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The Where And Why Of China's Global Real Estate Investment Boom

A traditional home on the South Korean island of Jeju
A traditional home on the South Korean island of Jeju

BEIJING — Much has been made recently about Chinese real estate investors, who spend huge sums snapping up foreign property. Tencent Finance, a Chinese online magazine, published a report on the phenomenon this week, in an article titled: "Those Countries Taken Over By Chinese Property Speculators." Here's a breakdown.

South Korea:South Korea's geographical proximity to their country has attracted many Chinese buyers, who have collectively purchased 160,000 square meters in Seoul and 9.14 million square meters in holiday destination Jeju Island over the last few years. As a result, real estate prices on Jeju Island have more than doubled.

Japan: The country's environment and quality houses attract Chinese real estate investors to Japan. Last year alone, they poured over $2 billion into Japan, contributing to a 30% increase in its property prices.

Singapore: Singapore's excellent education system, reputation as the world's "safest city," and large Chinese population make an appealing package for investors in China. In many cases, they actually hope to move to Singapore, or at least to send their children there. Some estimates show more than 10% of the city-state's properties put on the market in recent years were bought by Chinese.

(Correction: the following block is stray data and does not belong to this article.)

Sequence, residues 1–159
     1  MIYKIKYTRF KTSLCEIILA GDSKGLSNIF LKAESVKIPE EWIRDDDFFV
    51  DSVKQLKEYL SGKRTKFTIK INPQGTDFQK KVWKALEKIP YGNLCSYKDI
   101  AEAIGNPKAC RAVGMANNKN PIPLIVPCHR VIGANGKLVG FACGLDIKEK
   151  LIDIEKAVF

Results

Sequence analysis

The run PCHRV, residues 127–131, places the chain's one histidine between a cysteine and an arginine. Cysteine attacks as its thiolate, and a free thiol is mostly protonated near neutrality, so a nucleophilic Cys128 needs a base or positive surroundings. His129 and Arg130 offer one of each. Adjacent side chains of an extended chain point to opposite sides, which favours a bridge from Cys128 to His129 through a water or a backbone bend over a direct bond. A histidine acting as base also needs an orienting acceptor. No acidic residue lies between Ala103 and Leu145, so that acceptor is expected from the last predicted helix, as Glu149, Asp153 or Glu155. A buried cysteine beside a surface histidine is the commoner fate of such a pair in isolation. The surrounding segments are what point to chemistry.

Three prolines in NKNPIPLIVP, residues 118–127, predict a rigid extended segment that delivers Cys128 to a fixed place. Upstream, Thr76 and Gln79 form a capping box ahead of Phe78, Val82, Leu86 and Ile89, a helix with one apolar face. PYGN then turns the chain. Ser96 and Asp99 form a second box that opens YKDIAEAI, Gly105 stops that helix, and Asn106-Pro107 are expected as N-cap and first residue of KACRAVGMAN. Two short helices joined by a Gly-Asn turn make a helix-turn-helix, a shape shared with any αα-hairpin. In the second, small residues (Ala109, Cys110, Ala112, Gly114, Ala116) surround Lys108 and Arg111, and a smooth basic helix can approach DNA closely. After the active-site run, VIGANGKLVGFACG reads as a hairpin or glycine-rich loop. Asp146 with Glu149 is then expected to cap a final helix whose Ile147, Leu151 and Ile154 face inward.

United States: Though regarded by the Chinese Communist Party as a decadent country, the United States is China's top destination for both immigration purposes and property purchases. In the last five years, individual Chinese buyers have spent as much as $110 billion on U.S. property, and that doesn't include money invested in real estate through corporate institutions and trusts.

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Is Disney's "Wish" Spreading A Subtle Anti-Christian Message To Kids?

Disney's new movie "Wish" is being touted as a new children's blockbuster to celebrate the company's 100th anniversary. But some Christians may see the portrayal of the villain as God-like and turning wishes into prayers as the ultimate denial of the true message of Christmas.

photo of a kid running out of a church

For the Christmas holiday season?

Joseph Holmes

Christians have always had a love-hate relationship with Disney since I can remember. Growing up in the Christian culture of the 1990s and early 2000s, all the Christian parents I knew loved watching Disney movies with their kids – but have always had an uncomfortable relationship with some of its messages. It was due to the constant Disney tropes of “follow your heart philosophy” and “junior knows best” disdain for authority figures like parents that angered so many. Even so, most Christians felt the benefits had outweighed the costs.

That all seems to have changed as of late, with Disney being hit more and more by claims from conservatives (including Christian conservatives) that Disney is pushing more and more radical progressive social agendas, This has coincided with a steep drop at the box office for Disney.

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